Stephenson Cancer Center testing drug for prostate cancer patients on active surveillance
Men who are diagnosed with low-risk prostate cancer usually opt for active surveillance—a monitoring of their cancer over time without undergoing treatments that would cause side effects. In many men, the cancer never grows and poses no threat, but in others, the cancer begins to grow and treatment is necessary.
Stephenson Cancer Center at OU Medicine recently launched a new clinical trial testing an immunotherapy drug for men who are on active surveillance. The hope is that the drug—which uses the patient's own immune cells and doesn't cause side effects—will attack and eliminate the cancer or keep it from changing over time.
"We're very excited about this clinical trial," said Kelly Stratton, M.D., Stephenson Cancer Center urologic oncologist who is leading the trial. "We think it's a valid way of helping patients who are on active surveillance. About a third of men who are on active surveillance will eventually need treatment for their cancer over time. Ultimately, we're trying to prevent them from ever needing treatment."
The drug is called Provenge and is already approved by the Food and Drug Administration to treat metastatic prostate cancer. However, when the drug was first being tested in patients, it worked best in men who had received earlier treatment of their prostate cancer. The next logical step in the research was to study how Provenge affected cancer over time in low-risk patients.
In the clinical trial, men who are randomized to receive Provenge will have their blood drawn, just as if they were donating blood. The immune cells are filtered out, and the rest of the blood is returned to the patient. The patient's cells are then shipped to a company out of state, where they are infused with a molecule that provokes an immune response specific to prostate cancer, coupled with a growth factor that stimulates the cells to grow. The cells are shipped back to Stephenson Cancer Center in three days and given back to the patient like a blood transfusion.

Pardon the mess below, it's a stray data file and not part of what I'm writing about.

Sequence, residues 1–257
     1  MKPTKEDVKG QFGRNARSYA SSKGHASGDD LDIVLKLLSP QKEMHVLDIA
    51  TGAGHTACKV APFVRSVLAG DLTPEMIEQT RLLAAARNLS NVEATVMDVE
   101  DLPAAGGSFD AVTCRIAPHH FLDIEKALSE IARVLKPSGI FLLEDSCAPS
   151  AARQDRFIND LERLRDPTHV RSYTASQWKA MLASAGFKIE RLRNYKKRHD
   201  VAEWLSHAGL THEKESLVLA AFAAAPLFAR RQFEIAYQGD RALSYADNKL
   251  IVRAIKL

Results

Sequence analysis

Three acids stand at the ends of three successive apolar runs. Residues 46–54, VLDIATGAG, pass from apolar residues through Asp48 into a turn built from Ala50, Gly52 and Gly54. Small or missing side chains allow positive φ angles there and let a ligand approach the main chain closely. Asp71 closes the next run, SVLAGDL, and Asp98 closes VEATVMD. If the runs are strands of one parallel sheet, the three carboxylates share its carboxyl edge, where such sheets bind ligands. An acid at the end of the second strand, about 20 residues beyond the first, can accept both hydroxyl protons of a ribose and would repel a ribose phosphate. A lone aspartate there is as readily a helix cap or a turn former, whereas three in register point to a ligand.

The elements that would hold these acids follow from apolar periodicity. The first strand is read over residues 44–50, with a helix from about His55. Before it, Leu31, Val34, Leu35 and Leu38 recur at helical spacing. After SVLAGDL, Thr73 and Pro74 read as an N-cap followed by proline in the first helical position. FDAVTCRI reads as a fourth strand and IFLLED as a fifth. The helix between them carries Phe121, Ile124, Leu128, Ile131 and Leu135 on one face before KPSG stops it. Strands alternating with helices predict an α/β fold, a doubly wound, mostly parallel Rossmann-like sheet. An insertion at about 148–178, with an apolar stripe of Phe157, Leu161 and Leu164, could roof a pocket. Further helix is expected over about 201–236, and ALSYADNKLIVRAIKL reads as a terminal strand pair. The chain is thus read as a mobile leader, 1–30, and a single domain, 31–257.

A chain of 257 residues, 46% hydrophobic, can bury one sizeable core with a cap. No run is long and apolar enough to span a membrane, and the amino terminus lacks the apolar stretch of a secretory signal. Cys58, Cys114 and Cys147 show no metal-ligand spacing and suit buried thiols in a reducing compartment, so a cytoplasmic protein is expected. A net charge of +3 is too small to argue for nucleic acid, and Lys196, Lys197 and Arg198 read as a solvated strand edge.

"Basically, it's activating a person's cells against prostate cancer and prompting them to recognize the cancer," Stratton said. "Once they've been activated, our thought is that they will go to the prostate and either fight the cancer or keep it from growing."
Because Provenge uses the patient's own cells, most patients have little to no side effects, Stratton said. The immune cells are not genetically altered, making the treatment safe and well tolerated.
"That's the whole point of active surveillance—to minimize the risk of side effects that come with treatment like radiation therapy," he said. "With Provenge, we're not manipulating the cells—we're only doing what would happen naturally if the cells were to recognize prostate cancer."
If the clinical trial proves the drug to be successful in low-risk patients, it will also benefit patients' mental outlook, Stratton said. Most patients appreciate active surveillance because they can avoid treatment, but it can also lead to an unsettling feeling of not doing anything to keep the cancer in check, he said.
"Patients love the idea of active surveillance, but there's also a natural feeling of wanting to do something to address the cancer," he said. "We think this drug is something that will activate their immune system against the cancer, but their quality of life will stay the same."
Urologic oncologist Michael Cookson, M.D., chairman of the Department of Urology at the OU College of Medicine, said the Provenge trial is unique in offering men without symptoms of their prostate cancer the opportunity to see if their immune system can further reduce the risk of the cancer progressing.